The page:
Brewers Organization Valued at $615 Million | Disciples of Uecker

Disciples of Uecker

We'd like to go to the Playoffs, that would be cool.

Earlier this week, Bloomberg News published the results of their nine-month investigation into the value of each Major League Baseball team. They posted their findings in an excellent interactive tool, which is worth a few minutes of your time. As expected, the New York Yankees ranked first with a total value of $3.28 billion (yes, you read that right – billion). The west coast Goliaths, the Los Angeles Dodgers, came in second by landing around $2.1 billion. Based on Bloomberg’s calculations, the average MLB team is worth $1 billion. Yet, only ten teams are actually valued at $1 billion or over. Here are the ten teams whose fingers are on the scale and driving up the average team worth.

Team Total Value
New York Yankees $3.28B
Los Angeles Dodgers $2.10B
Boston Red Sox $2.06B
New York Mets $2.05B
Chicago Cubs $1.32B
San Francisco Giants $1.23B
Baltimore Orioles $1.12B
Los Angeles Angels $1.09B
Philadelphia Phillies $1.04B
Texas Rangers $1.01B

A team’s “total value” was determined by combining four elements. First is the “team value”, which is the team’s baseball related activities. Second is “regional sports network”, or the team’s stake of their regional cable TV network. Then there is “related business”, which comes from teams owning real estate, radio stations, food, merchandise, etc. And finally there is “MLB advanced media”. Simply, each team owns 3.33% of the revenue that MLB makes off of their Internet and mobile division. If you purchase the MLB “At-Bat” app, this is where your money goes. Bloomberg estimates that currently each team earns around $110M a year from “advanced media”.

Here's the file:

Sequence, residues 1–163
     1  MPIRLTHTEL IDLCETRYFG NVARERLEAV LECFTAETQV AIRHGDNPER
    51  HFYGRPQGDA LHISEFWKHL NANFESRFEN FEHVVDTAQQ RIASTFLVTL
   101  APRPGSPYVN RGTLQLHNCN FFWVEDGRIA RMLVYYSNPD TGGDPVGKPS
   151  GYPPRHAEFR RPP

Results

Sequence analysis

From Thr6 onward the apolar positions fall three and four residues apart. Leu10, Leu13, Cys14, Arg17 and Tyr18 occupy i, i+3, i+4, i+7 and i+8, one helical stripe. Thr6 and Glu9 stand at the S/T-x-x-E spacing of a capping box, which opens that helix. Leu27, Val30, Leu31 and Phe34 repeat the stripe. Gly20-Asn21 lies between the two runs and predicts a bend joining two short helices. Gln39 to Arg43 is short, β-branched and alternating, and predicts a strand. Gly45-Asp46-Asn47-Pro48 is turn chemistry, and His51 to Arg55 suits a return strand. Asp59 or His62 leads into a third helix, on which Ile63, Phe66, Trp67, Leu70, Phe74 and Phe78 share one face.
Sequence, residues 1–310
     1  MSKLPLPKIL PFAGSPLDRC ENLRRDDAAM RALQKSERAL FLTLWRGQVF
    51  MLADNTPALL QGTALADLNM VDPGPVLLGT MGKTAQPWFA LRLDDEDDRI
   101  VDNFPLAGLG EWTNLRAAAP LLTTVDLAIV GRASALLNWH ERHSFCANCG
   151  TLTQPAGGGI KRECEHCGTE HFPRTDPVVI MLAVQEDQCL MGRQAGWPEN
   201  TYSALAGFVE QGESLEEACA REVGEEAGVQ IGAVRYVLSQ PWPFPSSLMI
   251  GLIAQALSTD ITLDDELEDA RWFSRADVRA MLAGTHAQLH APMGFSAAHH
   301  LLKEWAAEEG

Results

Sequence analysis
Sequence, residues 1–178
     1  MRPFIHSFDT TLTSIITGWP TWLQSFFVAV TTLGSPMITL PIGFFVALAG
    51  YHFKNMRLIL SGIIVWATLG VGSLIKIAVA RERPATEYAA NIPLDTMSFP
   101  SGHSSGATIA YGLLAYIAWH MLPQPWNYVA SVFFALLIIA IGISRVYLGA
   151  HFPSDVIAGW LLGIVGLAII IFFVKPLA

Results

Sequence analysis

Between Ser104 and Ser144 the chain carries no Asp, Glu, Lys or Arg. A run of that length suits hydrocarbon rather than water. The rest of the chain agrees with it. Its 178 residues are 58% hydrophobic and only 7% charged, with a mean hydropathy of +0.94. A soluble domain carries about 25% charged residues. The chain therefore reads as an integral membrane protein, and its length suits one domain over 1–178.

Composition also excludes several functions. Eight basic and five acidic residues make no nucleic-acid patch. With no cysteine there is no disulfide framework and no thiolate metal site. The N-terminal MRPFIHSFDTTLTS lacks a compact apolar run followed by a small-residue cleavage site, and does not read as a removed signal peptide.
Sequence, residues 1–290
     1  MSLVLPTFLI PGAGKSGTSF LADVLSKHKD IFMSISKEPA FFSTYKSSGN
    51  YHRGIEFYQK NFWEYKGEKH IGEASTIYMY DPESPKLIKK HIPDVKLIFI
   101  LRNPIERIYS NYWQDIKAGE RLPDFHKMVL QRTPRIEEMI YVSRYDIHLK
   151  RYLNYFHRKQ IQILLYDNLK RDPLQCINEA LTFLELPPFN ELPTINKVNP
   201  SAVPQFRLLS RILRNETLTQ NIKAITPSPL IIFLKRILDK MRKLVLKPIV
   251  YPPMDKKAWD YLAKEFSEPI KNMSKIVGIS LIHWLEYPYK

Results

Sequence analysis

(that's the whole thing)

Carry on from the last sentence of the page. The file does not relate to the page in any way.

Bloomberg News valued the Milwaukee Brewers organization at $615M, which ranked 22nd in the league. The Brewers’ “team value” came in at $504M. The $110M from the “MLB advanced media” accounted for the rest of their “total value”. The Brewers organization generated no value from a “regional sports network” or “related business”. Bloomberg News also ranked each team by a number of baseball related activities. For example, the Brewers 2013 attendance was 2.5 million, which was good enough for 15th in the league. Here’s how the Brewers ranked in the other categories –

Value League Ranking
Team Revenue $205M 20th
Gate Receipts $64M 15th
Concessions $18M 15th
Sponsorship $18M 20th
Media Rights $55M 29th
Parking $6M 9th
Revenue Sharing (+)$19M 11th

Bloomberg News compiled these numbers about the 2012 season then made them available to the team for review and/or comment. Bob Quinn, the Brewers’ Executive Vice President of Finance and Administration, responded to Bloomberg, which raised their confidence that the numbers are accurate.

Bloomberg’s interactive tool allows you to compare teams or sort teams by value, league, division, and wins. The good news for the Brewers is that outside of the Chicago Cubs, the rest of the NL Central is quite balanced in terms of “total value”.

Team Total Value League Ranking
Chicago Cubs $1.32B 5th
St. Louis Cardinals $805M 15th
Cincinnati Reds $680M 21st
Milwaukee Brewers $615M 22nd
Pittsburgh Pirates $610M 23rd

As a Brewers fan living in Los Angeles, it’s easy for me to obsess over the giant financial chasm between baseball teams. As the Bloomberg interactive tool reveals, market size and regional sports networks are the biggest contributors to this disparity. Yet, if you set the interactive tool to sort the teams by wins for the 2013 season, it’s apparent that just because a team has a financial advantage off the field doesn’t mean it translates to wins on the field.

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